It seems silly to have to say so, but there can be more than a single reason for a political outcome, and even one’s fiercest opponents can be partly right. The larger point here, though, is that Maddow’s long focus on the Trump/Russia story shows no sign of ever having had anything to do with Clinton or the election, or of having political motives at all. And tracing the coverage back, it’s clear that Maddow hasn’t really gotten much wrong. The contrary, in fact. The political posturing has done nothing more than take our eyes off the ball in favor of partisan bickering.

Given that Maddow’s critics have basically accused her of style over substance, their criticism itself turns out to be pretty insubstantial. With all the worrying about how bad it would look for Maddow if there were no collusion between Trump and Russia, few have stopped to think how bad it will look for the Russia-skeptics if she turns out to have been right.


THE FIRST MENTION of Trump/Russia on the @maddowblog Twitter account came on July 18, 2016, with a link to a Washington Post story by Josh Rogin, “Trump campaign guts GOP’s anti-Russia stance on Ukraine.” Strikingly, months before the election, Trump was already working to ensure that the new Republican platform wouldn’t call for giving weapons to Ukraine to fight the Russians, “contradicting the view of almost all Republican foreign policy leaders in Washington.”

The Ukraine amendment proposed back then read, in part, “Today, the post-Cold War ideal of a ‘Europe whole and free’ is being severely tested by Russia’s ongoing military aggression in Ukraine… The Ukrainian people deserve our admiration and support in their struggle.” But Trump’s staffers had the issue tabled, and succeeded in watering down this language. “I was troubled,” Diana Denman, the RNC platform committee member who’d proposed the amendment, told the Post. “I said, ‘What is your problem with a country that wants to remain free?’ It seems like a simple thing.”  

When one considers the distance between that Republican Party and the one we’ve got now, it’s difficult to contend that Maddow has ever oversold either Trump’s affection for Putin, or the harm it’s caused the United States and the West.

In July, Krystal Ball wondered aloud at The Hill how much her former colleagues at MSNBC, “nearly all of whom got swept up in the ratings bubble that was feverish Russian conspiracy theories,” might have “damaged the left.” “Rachel Maddow, you’ve got some explaining to do,” she said.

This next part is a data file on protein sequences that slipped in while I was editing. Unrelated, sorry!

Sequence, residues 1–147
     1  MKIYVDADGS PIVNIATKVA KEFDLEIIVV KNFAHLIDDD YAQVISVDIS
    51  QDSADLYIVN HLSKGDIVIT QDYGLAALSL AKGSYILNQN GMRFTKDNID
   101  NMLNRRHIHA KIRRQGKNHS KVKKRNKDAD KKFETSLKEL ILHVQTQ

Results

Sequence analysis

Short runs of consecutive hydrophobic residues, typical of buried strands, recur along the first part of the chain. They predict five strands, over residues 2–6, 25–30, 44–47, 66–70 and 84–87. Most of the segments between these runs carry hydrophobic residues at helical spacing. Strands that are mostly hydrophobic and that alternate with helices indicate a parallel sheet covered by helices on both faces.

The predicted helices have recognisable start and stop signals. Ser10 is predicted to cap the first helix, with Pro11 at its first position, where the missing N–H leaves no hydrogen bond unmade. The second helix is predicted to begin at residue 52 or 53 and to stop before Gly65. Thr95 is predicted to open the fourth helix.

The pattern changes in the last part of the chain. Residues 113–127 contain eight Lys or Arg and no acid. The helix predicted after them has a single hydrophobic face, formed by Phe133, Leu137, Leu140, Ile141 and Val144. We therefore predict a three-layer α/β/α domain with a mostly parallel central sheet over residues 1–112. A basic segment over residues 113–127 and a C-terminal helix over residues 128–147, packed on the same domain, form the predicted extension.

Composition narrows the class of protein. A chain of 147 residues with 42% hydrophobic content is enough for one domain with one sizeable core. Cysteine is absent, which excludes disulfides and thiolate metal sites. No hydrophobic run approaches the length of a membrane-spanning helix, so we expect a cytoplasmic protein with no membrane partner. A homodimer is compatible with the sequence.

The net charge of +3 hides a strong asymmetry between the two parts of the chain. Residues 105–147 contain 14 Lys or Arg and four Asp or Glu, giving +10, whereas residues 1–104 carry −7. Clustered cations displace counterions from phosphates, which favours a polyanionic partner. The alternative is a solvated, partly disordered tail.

But then Ball went on to admit that “the President’s team clearly sought to work with Russia, they used Russian illegal activity to their own benefit, and then they lied about the whole mess to cover it up, those are the facts, and it is a damning set of facts.” So what was the problem? “Building anticipation of a big reveal,” “fevered speculation,” and “wild theory,” apparently. Ball then compared Maddow to noted conspiracy theorist Louise Mensch (of “Marshal of the Supreme Court” fame).

“How is this journalism?” she demanded.

I don’t know. But as a concerned citizen I’m intensely interested in the fact that there’s a sitting president who is known to have wrangled private meetings with Putin and is seeking more of them, and who, over the objections of Congress, the intelligence agencies and even the military, has been extremely consistent in furthering Putin’s objectives for nearly three years.

How exactly is Rachel Maddow or anyone else supposed to comment on this necessarily complicated and deadly serious political situation? I’m not the biggest fan of the conspiratorial tone, but isn’t “obsession” the correct response to the staggering facts, here?

“I’m happy to admit that I’m obsessed with Russia,” Maddow told Amanda Hess at the Times. “I realize it’s controversial, and people give me a lot of grief for focusing on it. But I make no apologies. I think it’s absolutely compelling. Still mysterious. Super interesting.”

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Editors note: CJR has appointed its own outside public editors for four vital news outlets — The New York TimesThe Washington Post, CNN and MSNBC — that currently lack any public ombudsman. You can reach them at (Any messages will be treated as off-the-record unless otherwise agreed.)

Maria Bustillos is the founding editor of Popula, an alternative news and culture magazine. Her work has appeared in the New York Times, The New Yorker, Harper’s, and The Guardian.